State lawmakers should be looking for ways to eliminate the ambiguities surrounding the “stand your ground” law, not adding to the ways the law might be used by those undeserving of its protections.
Yet a measure that passed the House and the Senate would expand the law in ways that will add to the confusion law enforcement officers face when confronted with these cases, and possibly put the lives of innocent bystanders at risk. The law also contains a provision that would allow some “stand your ground” court records to be sealed from public view, a bad idea.
The bill should not be signed into law by Gov. Rick Scott.
Called the “warning shot” bill, it was filed by Rep. Neil Combee, a Republican from Polk City, and is meant for people who might flash a gun, fire a warning shot or take some other non-lethal action in self-defense. Under current law, a person who fires a warning a shot or takes other non-lethal measures can face felony charges and a mandatory prison sentence. “Stand your ground” applies to lethal force.
A Jacksonville case has rallied Republicans and some Democrats behind the proposed changes. In that case, a woman claiming to be in fear for her life fired shots that hit a wall near her estranged husband and his children. She was convicted of aggravated assault with a deadly weapon and sentenced to the mandatory 20 years in prison, though an appeals court has ordered a new trial.
But whether the woman fired a warning shot in self-defense, or intended to shoot her estranged husband and missed, is unclear.
Supporters say the law isn’t meant to promote the firing of warning shots. It’s meant to eliminate an inequity in the law that punishes victims who scare away attackers rather than kill them.
We understand the intent, and we support the concept of “stand your ground.” People have a right to defend themselves. But the broad interpretations of the existing law often handcuff law enforcement and in some cases protect defendants who instigated a fight and then used deadly force to end it. Lawmakers should be tweaking the law to keep that from happening, not expanding it to incorporate another set of circumstances that are open to interpretation. And the state should be careful about giving the appearance of sanctioning warning shots, a dangerous practice that can injure or kill innocent bystanders.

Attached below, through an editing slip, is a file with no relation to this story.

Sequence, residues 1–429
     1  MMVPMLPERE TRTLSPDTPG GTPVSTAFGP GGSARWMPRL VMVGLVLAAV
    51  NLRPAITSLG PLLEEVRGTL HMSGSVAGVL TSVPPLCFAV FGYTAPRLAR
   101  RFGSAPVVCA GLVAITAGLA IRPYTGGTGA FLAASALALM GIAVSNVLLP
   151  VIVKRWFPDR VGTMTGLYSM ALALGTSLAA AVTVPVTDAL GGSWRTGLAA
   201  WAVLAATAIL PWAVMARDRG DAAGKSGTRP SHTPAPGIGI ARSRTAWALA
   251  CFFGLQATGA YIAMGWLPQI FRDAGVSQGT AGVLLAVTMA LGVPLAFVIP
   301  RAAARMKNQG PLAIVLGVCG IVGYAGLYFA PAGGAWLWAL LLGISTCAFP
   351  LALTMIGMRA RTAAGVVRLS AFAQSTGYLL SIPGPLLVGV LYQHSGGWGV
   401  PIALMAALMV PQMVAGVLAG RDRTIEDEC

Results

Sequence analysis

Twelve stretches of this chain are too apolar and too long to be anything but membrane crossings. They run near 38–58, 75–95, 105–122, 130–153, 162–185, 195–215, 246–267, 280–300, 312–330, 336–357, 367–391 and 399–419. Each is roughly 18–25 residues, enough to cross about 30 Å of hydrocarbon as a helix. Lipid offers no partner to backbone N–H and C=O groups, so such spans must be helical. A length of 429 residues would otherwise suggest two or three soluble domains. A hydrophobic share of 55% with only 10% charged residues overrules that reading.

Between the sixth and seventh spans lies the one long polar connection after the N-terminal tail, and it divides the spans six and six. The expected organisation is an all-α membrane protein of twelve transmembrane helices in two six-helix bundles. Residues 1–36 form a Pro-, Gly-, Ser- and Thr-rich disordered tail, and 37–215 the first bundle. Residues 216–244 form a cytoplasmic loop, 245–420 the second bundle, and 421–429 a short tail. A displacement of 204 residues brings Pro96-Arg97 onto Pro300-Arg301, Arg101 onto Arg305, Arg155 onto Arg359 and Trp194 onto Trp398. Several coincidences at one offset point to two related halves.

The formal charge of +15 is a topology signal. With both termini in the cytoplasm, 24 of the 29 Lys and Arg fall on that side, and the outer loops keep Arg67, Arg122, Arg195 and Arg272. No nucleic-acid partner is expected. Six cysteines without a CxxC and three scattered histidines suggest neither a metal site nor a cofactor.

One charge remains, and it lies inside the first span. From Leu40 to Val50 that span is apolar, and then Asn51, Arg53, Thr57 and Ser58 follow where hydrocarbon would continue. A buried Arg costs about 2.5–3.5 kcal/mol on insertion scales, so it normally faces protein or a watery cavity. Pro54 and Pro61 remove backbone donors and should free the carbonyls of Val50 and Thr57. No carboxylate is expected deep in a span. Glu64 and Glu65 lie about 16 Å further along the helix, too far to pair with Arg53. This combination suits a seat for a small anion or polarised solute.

Allowing certain “stand your ground” files to be expunged runs the risk of creating a favored class of defendants and might deprive the public from knowing the circumstances surrounding a “stand your ground” case.
Under the amendment added to the House version of the bill by Rep. Matt Gaetz, a Republican from Fort Walton Beach, those who invoke self-defense and are not prosecuted would have a simpler and cheaper path to having their cases expunged than other defendants now have.
Gaetz tells us that other measures being considered this legislative session would even the playing field for defendants trying to get their cases expunged. But that’s no comfort.
Lawmakers shouldn’t make it easier for court records to be sealed, particularly when they pertain to a law with as much public interest as “stand your ground.”
The public needs to know that “stand your ground” is clear and fairly applied, and that the circumstances surrounding its use will be available for public examination. This law is unnecessary and takes “stand your ground” in the wrong direction.